When considering product selection, Option 4 is the most relevant. This credit requires selection of building products and assemblies that reflect a 10% reduction in at least three of six environmental impact measures based on a whole building life cycle assessment (LCA). Global warming potential must be one of the measures reduced. Of course selection of building products should also consider durability, constructability, schedule, cost and other performance factors, in addition to environmental impacts.
One area for concern is that the masonry data included in the tools used for whole building LCA may not reflect current masonry manufacturing practices in many cases. Thus for accurate results, it is imperative for manufacturers to provide data that reflects current state of manufacturing. At the time of writing this article, the Brick Industry Association, the National Concrete Masonry Association and the Portland Cement Association have all begun or completed work toward collecting updated information.
CREDIT 2: Environmental Product Declarations (2 points) MR Credit 2: Building Product Disclosure and Optimization – Environmental Product Declarations, is a new credit in LEED v4. This credit has two options, worth one point each. The first option focuses on reporting of environ mental impact data, while the second rewards improved performance in specified environmental impact categories.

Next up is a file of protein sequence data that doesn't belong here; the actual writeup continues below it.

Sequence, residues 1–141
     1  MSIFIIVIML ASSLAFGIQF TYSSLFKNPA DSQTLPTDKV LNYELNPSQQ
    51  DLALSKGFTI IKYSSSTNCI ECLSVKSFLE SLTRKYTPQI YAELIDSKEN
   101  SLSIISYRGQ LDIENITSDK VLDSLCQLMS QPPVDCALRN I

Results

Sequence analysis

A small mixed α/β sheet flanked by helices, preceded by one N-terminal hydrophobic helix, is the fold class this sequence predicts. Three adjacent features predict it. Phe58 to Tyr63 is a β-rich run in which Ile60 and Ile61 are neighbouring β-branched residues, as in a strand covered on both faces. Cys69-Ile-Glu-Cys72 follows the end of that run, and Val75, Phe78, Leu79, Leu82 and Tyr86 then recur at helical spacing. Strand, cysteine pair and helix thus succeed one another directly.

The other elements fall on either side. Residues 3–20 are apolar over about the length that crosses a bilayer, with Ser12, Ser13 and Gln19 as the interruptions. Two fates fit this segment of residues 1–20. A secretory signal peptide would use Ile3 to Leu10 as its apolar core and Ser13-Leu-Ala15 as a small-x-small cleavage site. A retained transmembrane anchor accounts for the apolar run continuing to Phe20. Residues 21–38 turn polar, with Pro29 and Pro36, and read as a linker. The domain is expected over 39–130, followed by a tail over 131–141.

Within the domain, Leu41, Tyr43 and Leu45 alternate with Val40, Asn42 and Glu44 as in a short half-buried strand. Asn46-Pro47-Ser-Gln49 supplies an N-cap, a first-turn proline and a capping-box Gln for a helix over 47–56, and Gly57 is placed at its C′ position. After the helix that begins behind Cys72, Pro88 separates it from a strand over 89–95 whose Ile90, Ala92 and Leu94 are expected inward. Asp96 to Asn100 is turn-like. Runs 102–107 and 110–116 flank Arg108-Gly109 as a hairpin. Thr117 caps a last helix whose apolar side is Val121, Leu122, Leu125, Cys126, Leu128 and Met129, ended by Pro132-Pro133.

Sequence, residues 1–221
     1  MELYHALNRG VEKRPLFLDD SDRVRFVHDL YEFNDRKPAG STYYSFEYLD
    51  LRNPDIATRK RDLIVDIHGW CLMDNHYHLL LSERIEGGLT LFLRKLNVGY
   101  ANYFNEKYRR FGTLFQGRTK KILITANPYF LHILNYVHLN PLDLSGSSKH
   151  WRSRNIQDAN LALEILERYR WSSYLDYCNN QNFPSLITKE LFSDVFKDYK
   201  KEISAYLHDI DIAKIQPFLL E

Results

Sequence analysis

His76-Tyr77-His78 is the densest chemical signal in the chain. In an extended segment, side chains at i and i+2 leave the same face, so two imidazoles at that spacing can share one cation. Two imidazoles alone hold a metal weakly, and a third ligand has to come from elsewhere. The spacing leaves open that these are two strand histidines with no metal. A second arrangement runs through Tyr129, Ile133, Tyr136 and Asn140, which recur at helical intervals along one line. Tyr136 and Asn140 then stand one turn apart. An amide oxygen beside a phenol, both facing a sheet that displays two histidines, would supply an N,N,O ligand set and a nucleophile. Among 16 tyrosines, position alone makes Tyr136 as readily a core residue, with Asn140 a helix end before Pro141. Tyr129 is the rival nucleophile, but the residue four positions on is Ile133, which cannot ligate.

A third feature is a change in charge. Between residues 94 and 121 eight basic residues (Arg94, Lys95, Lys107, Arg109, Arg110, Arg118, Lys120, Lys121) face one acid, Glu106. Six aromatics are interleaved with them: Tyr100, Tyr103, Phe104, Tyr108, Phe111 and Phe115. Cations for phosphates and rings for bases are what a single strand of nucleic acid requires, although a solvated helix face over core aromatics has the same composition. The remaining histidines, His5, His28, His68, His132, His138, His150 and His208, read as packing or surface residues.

Option 1: Environmental Product Declaration (EPD) requires use of products with publicly available LCA or EPD. Products are valued differently depending upon the type of declaration. Product-specific Type III EPDs carry the most weight.
Option 2: Multi-attribute Optimization awards one point for selection of third party certified products with environmental impacts below the industry average for 50%, by cost, of the total value of permanently installed products in the project. The regional weighting and structure/enclosure limits apply to this option.
For the designer or specifier, collecting Environmental Product Declaration (EPD) statements may be an easy, straightforward process, though the calculation process for LEED credit can get complex. For building product manufacturers, developing an EPD is far from a small task. Many manufacturers have only just begun to discern and collect the data that is necessary for the first step in development of an EPD. For an EPD is the culmination of many steps as shown in Figure 3. The first step is to identify the product category rules (PCR) that will be used in gathering the environ mental data. If no PCR exists for a product, then the PCR must itself be created. Once a PCR is in place, a life cycle assessment (LCA) of environmental impacts of a product is conducted. This process can be difficult, costly and time consuming depending upon how much and what type of data a manufacturer is already collecting. The LCA impacts can then be reported in an EPD.